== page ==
Hepatomegaly is an enlarged liver. It is an abnormal clinical finding with a large number of causes




Mass in RUQ which moves inferiorly with respiration, no notch palpable, unable to get above, dull to percussion and is not ballotable

Signs depend on the underlying cause:

If there is an underlying malignancy the patient may be cachectic, there may be associated lymphadenopathy, abdominal scars may be present representing previous tumour resection, tar staining or finger clubbing may be present

Raised JVP and peripheral oedema, pulsatile hepatomegaly may be present in CCF

Signs of chronic liver disease may be present such as palmar erythema, spider naevi, gynaecomastia, testicular atrophy

There may be abdominal distension suggesting organomegaly or ascites

Lymphadenopathy may be present in infection or malignancy

Tattoos, piercings and injection marks may suggest viral hepatitis




May be none

Abdominal pain and distension


Drowsiness suggesting encephalopathy

The patient may present with symptoms of underlying malignancy such as weight loss, lethargy or symptoms specific to a primary tumour e.g. cough, haemoptysis, change in bowel habit



Most commonly:

Malignancy either hepatocellular carcinoma or more commonly secondary metastatic deposits in the liver

Right heart failure/CCF

Cirrhosis of any cause (but most likely to be alcohol, viral hepatitis or non-alcoholic fatty liver disease (NAFLD)

Infections such as viral hepatitis, hydatid cyst, amoebic liver abscess, pyogenic liver abscess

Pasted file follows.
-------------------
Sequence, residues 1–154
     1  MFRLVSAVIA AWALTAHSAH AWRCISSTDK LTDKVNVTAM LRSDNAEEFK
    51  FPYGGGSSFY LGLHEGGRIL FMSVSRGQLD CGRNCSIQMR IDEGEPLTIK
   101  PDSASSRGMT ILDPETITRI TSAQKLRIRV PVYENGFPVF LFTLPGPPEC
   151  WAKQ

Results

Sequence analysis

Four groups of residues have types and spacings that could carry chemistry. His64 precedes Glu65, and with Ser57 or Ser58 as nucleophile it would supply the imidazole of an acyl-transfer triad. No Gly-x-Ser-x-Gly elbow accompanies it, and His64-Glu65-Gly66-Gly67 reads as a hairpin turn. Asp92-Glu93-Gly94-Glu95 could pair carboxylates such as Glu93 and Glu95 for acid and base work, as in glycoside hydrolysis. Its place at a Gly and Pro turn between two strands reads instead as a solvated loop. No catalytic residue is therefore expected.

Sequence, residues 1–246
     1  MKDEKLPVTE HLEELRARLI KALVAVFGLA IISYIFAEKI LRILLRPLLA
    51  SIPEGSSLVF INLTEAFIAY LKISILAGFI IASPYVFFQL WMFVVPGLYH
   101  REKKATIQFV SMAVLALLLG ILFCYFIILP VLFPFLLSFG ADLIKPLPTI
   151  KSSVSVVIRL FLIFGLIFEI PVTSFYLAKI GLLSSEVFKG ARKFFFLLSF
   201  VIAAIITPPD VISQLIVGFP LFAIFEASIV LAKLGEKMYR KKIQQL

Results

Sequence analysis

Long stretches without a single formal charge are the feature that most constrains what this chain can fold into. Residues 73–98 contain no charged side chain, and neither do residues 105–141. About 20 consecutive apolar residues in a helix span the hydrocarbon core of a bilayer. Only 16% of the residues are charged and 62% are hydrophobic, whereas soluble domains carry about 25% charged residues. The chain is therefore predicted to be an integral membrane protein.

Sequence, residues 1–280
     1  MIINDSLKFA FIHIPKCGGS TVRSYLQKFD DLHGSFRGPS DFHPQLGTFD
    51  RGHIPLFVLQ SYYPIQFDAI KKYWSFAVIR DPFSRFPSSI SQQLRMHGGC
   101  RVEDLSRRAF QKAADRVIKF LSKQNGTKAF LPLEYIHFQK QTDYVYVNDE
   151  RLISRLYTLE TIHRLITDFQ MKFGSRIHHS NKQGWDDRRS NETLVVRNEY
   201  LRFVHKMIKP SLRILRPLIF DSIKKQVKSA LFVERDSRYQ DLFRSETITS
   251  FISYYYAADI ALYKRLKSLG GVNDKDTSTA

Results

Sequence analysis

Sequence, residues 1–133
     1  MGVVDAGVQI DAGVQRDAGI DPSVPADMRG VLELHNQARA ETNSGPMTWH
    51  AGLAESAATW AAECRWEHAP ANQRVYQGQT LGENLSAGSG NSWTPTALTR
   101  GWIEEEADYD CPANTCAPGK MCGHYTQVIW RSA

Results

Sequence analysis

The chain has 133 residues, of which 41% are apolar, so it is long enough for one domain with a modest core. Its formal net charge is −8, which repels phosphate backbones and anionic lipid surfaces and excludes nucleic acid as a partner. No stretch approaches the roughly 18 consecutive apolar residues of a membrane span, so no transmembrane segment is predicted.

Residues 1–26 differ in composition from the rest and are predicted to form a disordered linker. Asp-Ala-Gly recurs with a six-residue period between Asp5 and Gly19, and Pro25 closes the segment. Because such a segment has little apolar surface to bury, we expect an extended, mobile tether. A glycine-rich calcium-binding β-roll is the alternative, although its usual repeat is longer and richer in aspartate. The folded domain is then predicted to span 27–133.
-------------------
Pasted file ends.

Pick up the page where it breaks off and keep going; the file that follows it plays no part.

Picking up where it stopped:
Full liver screen should be sent (see CLD document)

In addition:

Abdominal USS

CT T/A/P or MRCP or Echo according to most likely aetiology

Ascitic tap if ascites present



Depends on the underlying cause

Malignancy will need staging imaging and discussing with oncology team and at appropriate oncology MDT

RHF should be treated with diuretic therapy and medications tailored to improving RHF

If an underlying cause of chronic liver disease has been identified, specific treatment for this should be initiated



Top tip: When examining patients with hepatomegaly try to assess the size of the liver. When presenting to the examiners state the size of hepatomegaly as centimetres below costal margin rather than as finger breadths as everybody has different sized fingers and this is therefore not an accurate description.


Palpating spleens and livers can be extremely uncomfortable for patients. Remember to keep an eye on the patient’s face for discomfort and try to be gentler or even stop altogether if the patient is in too much distress. Candidates that cause pain and do not pick up on this will almost certainly lose valuable marks.


Written by Jo Corrado

Resources used to write this document are listed in the references section of this webpage